Is ‘Forgiving Self’ Biblical?

By Kathy Pollard

That’s a great question! We often hear of the importance of being able to forgive ourselves, but is that actually in the Bible? We’re commanded to forgive others in multiple passages, but where is there any mention of forgiving ourselves?

While there isn’t a verse that states “you should forgive yourself,” it is certainly implied.

First, let’s make sure we understand how we’re using the word “forgive.” When God forgives us, He is removing the guilt of our sin. He is wiping away our sins (1 John 1:9). When we forgive others (or ourselves), we are not doing that. Only God can do that. When He asks us to forgive others, He is not asking us to take away the guilt of their sin. That’s His job. He is asking us to not harbor ill will toward them, to let go of our anger or any grudges, and to offer that forgiveness from the heart (Matt. 18). So when we forgive ourselves, we’re not saying we have the power to forgive our sins. That’s God’s role only. But we are saying we can release the burden we carry because of it. We can trust, from the heart, that we can let it go.

Second, consider Paul’s example. He had a “former life” he wasn’t proud of (Gal. 1:13). If we’re supposed to forgive ourselves, why doesn’t Paul say anything about forgiving himself? He may not come right out and say it but it seems like he does describe it. Paul wrote about “being anxious for nothing” and praying for the “peace of God that passes all understanding and guards your hearts and minds” (Phil. 4:6-7). He said even though he “persecuted the church,” he wanted a “righteousness of his own…through Jesus Christ.” How? By “forgetting what is behind and reaching for what is ahead.” That is the perfect definition of what it means to forgive ourselves (and others, for that matter). He then goes on to say “all of us who are mature should take such a view of things” and “join together in following my example” (Phil. 3:6-17).

Third, consider Peter’s example. Jesus told him that Satan was going to go after him and he was going to give in. Peter replied, “I’m ready to die for you!” Instead he denied Jesus. “When Jesus looked straight at Peter…he went out and wept bitterly” (Luke 22:31-34, 54-62). How that must have weighed on him! But somehow he went on to serve as an elder in His Lord’s church (1 Pet. 5:1) and serve on mission trips (Acts 9 & 10). When struggling with forgiving self, it can be very helpful to read 1 & 2 Peter with Peter’s denial of Jesus in mind. “Grace and peace be yours in abundance” (1 Pet. 1:2). “Cast all your anxiety/ worry on Jesus because He cares for you…and the God of all grace will make you strong, firm, and steadfast” (1 Pet. 5:7,10). Peter was able to move forward because he trusted God’s grace. And that gave him peace, strength, determination.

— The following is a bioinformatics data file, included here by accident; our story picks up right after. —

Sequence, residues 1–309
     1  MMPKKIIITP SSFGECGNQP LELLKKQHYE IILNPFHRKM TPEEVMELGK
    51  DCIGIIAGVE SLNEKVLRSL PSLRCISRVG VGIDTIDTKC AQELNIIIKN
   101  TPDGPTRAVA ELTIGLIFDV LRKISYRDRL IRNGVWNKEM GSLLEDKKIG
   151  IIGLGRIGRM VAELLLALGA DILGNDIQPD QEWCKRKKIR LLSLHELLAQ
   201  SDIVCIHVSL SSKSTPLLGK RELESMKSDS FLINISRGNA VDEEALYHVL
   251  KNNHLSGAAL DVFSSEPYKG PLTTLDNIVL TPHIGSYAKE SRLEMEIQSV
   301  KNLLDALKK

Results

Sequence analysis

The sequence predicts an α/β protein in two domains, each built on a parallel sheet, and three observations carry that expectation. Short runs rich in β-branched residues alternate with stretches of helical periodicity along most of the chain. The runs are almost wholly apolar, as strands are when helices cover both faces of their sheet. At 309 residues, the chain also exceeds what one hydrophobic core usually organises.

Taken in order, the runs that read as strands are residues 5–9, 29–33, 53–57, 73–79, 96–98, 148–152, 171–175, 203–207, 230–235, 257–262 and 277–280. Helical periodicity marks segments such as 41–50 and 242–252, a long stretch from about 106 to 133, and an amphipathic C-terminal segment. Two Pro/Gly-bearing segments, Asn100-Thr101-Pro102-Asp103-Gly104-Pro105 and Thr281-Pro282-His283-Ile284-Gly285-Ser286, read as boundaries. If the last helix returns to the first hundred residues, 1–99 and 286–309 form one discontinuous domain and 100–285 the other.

Fourth, what would NOT forgiving ourselves look like? It would involve hanging on to the burden of guilt and being weighed down by it. Or not being able to let the shame go. Perhaps it would include being unsure of our own salvation because of it. But it seems like all of the reassurances that God gives of His complete forgiveness are to remove those very feelings we might struggle with (Heb. 8:12; Micah 7:18-19; Psa. 103:12 and so many more!). He wants us to have faith and confidence in our salvation (1 John 5:13), in our cleansing (1 John 1:7-9), and in our righteousness (2 Cor. 5:21). Forgiving ourselves just means that we take to heart God’s promises and assurances. We reach for that with both hands instead of dragging remnants of our past behind us.

Finally, why is it important to forgive ourselves? Paul wrote to Christians about how to treat a brother who had seriously messed up. He said, “forgive and comfort him…reaffirm your love for him.” Why? “So he will not be overwhelmed with excessive sorrow.” He went on to give another reason, “If there is anything to forgive, forgive…in order that Satan might not outwit us” (2 Cor. 2:5-11). Forgiveness is so important to the spiritual wellbeing of others and their ability to move forward and stay strong. Those same reasons are no less true when it comes to the importance of forgiving ourselves. Another reason it’s important to forgive ourselves is because it changes how we live, think, and act. There’s an observable conduct that points others to God’s mercy. Paul mentioned this when he called himself the “chief of sinners.” He said finding mercy allowed him to show others what Jesus is like (“longsuffering”) so others may believe in Him (1 Tim. 1:15-16). One more reason it’s important to forgive ourselves is that it will affect how we treat others. “Love keeps no record of wrongs” (1 Cor. 13:5). One might argue that this involves how we love ourself, too (Mark 12:31), but it’s perhaps more important to note that how we handle our own past mistakes could impact our ability to love others. We need to let go of them (in essence, forgive ourselves) so that we can offer that same love and grace to others as we’re commanded.

He’s Coming!

By Kathy Pollard

Neal and I are killing time in a hospital waiting room. We’ve been responding to messages, doing schoolwork, reading magazines, and playing cards. You see, our son and daughter-in-law are upstairs in Labor and Delivery. Our very first grandchild is ready to make his grand entrance into the world!